George Fuermann, 1918-2001, collected several types of materials relating to Houston and Texas history, including clippings and other printed materials; legal, financial, and government documents; photographs and negatives; historic maps; works of art; artifacts; and research files. The items in the collection range in date from 1836 to 1988.
The collection is arranged in eight series: Printed Materials, Documents, Photographic Material, Creative Works, Maps, Works of Art, Artifacts, and Research Files. The collection is housed in 39 boxes and 12 oversize boxes.
Open for research.
Special Collections owns the physical items in our collections, but copyright normally belongs to the creator of the materials or their heirs. The researcher has full responsibility for determining copyright status, obtaining permission to publish from copyright holders, and abiding by current copyright laws when publishing or displaying copies of Special Collections material in print or electronic form. For more information, consult the appropriate librarian. Reproduction decisions will be made by Special Collections staff on a case-by-case basis.
17.00 Linear Feet
Born in Buffalo, New York on August 25, 1918, George Fuermann moved to Texas with his family in 1923. He died in Houston, at the age of 82, on January 20, 2001. He earned a journalism degree in 1941 from Texas A & M College, where he edited the student journal, “The Battalion.” Captain Fuermann received a Bronze Star during World War II, while serving the U.S. Army as a correspondent in the European Theater.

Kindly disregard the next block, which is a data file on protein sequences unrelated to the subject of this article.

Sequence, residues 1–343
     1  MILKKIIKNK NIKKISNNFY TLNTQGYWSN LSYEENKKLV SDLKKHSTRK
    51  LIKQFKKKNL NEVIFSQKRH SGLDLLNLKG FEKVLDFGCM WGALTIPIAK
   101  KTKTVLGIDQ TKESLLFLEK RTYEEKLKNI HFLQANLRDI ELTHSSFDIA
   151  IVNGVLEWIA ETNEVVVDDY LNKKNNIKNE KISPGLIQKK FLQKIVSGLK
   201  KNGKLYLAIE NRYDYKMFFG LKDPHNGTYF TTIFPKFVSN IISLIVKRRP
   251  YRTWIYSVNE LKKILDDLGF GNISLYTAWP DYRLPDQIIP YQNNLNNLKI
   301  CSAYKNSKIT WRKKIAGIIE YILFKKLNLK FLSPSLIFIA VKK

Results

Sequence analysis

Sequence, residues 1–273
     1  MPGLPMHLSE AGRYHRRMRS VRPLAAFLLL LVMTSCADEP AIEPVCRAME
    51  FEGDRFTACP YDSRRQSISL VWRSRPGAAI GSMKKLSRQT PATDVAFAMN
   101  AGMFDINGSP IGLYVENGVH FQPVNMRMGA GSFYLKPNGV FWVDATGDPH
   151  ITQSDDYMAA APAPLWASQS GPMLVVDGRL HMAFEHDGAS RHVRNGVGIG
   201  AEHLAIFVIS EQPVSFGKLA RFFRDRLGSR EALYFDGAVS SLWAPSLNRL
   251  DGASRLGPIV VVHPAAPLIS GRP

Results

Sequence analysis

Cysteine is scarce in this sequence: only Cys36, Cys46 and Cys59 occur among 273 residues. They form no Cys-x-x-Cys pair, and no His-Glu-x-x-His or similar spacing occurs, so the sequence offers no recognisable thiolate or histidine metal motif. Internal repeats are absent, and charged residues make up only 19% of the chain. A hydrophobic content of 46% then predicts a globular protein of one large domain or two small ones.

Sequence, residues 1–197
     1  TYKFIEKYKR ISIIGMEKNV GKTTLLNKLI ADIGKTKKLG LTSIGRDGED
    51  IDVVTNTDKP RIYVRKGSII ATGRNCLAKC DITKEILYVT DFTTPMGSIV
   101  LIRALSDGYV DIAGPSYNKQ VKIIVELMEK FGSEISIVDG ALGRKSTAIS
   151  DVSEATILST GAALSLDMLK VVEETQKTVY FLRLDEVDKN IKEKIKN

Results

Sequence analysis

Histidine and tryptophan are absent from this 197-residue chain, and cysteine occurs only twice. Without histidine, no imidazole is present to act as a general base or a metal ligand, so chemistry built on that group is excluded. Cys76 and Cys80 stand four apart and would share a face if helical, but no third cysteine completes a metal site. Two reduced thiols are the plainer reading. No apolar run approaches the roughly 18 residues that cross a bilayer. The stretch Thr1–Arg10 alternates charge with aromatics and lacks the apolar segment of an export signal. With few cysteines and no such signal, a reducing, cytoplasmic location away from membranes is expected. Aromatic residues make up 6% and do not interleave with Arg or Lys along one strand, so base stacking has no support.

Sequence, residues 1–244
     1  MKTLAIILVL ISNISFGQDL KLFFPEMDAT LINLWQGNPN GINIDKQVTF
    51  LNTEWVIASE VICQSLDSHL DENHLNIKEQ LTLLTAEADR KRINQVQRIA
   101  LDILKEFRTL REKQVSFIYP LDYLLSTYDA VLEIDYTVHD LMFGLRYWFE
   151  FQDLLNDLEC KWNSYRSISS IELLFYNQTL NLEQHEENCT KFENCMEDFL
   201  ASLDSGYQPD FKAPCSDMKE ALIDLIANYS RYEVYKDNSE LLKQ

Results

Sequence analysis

Mr. Fuermann’s “Houston Post” career spanned 49 years. He began in 1946 as a general assignment reporter. His popular daily column, based on snippets of local history, “Post Card,” ran from 1950 to 1971. He continued as Editorial Page editor from 1971 to 1983 and as “Wine Talk” columnist from 1984 to 1995, when the “Houston Post” closed its doors. From 1996 to 1999, George Fuermann wrote a wine column for a publication of the Rice Epicurean Markets.
George Fuermann authored approximately ten volumes. Additionally, he wrote numerous articles, forewards and other contributing texts. Among his best known books are Houston: Land of the Big Rich, 1951; Reluctant Empire, 1957; The Face of Houston, 1963; and Houston: The Once and Future City, 1971. For a complete list of his published volumes and other works to which he made a contribution, see sub-group II, box 1, folder 1.
In addition to his writing, Mr. Fuermann served the community as chair of the Municipal Arts Commission in 1965-66 and as a member until 1971. He also served as chair of the Houston Committee on Foreign Relations in 1977-78 and was a member of the American Bicentennial Commission. He founded two dining/social clubs, the “Seventh of April” in 1964 and “Cheap and Hungry” in 1985.
Donated to the University of Houston by George Fuermann, in lots, from 1970 through 1983. Mr. Fuermann's family gave additional materials to the university, at the time of his death, in 2001.
The Astrodome, Eighth Wonder of the World digital collection
Richard H. Dickerson, 2001
Part of the University of Houston Libraries Special Collections Repository